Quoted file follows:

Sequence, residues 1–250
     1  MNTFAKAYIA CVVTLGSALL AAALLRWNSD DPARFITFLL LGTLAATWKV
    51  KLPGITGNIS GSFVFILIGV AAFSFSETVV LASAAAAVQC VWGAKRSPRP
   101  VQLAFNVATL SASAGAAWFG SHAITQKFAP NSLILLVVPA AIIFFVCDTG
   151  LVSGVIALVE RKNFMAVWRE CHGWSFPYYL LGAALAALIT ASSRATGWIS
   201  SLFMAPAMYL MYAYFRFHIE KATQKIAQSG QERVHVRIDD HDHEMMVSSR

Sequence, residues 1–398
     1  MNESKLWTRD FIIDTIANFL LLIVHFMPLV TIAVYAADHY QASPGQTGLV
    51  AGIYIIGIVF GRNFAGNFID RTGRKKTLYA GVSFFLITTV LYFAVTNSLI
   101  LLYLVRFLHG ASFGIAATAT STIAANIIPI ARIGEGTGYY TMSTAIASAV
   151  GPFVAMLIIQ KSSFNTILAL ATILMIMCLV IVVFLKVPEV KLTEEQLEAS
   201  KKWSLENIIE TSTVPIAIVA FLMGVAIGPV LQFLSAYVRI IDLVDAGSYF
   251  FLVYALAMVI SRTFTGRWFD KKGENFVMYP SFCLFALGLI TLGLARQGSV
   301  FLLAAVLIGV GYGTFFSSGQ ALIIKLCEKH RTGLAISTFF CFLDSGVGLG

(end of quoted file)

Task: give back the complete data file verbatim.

Sequence, residues 1–250
     1  MNTFAKAYIA CVVTLGSALL AAALLRWNSD DPARFITFLL LGTLAATWKV
    51  KLPGITGNIS GSFVFILIGV AAFSFSETVV LASAAAAVQC VWGAKRSPRP
   101  VQLAFNVATL SASAGAAWFG SHAITQKFAP NSLILLVVPA AIIFFVCDTG
   151  LVSGVIALVE RKNFMAVWRE CHGWSFPYYL LGAALAALIT ASSRATGWIS
   201  SLFMAPAMYL MYAYFRFHIE KATQKIAQSG QERVHVRIDD HDHEMMVSSR

Sequence, residues 1–398
     1  MNESKLWTRD FIIDTIANFL LLIVHFMPLV TIAVYAADHY QASPGQTGLV
    51  AGIYIIGIVF GRNFAGNFID RTGRKKTLYA GVSFFLITTV LYFAVTNSLI
   101  LLYLVRFLHG ASFGIAATAT STIAANIIPI ARIGEGTGYY TMSTAIASAV
   151  GPFVAMLIIQ KSSFNTILAL ATILMIMCLV IVVFLKVPEV KLTEEQLEAS
   201  KKWSLENIIE TSTVPIAIVA FLMGVAIGPV LQFLSAYVRI IDLVDAGSYF
   251  FLVYALAMVI SRTFTGRWFD KKGENFVMYP SFCLFALGLI TLGLARQGSV
   301  FLLAAVLIGV GYGTFFSSGQ ALIIKLCEKH RTGLAISTFF CFLDSGVGLG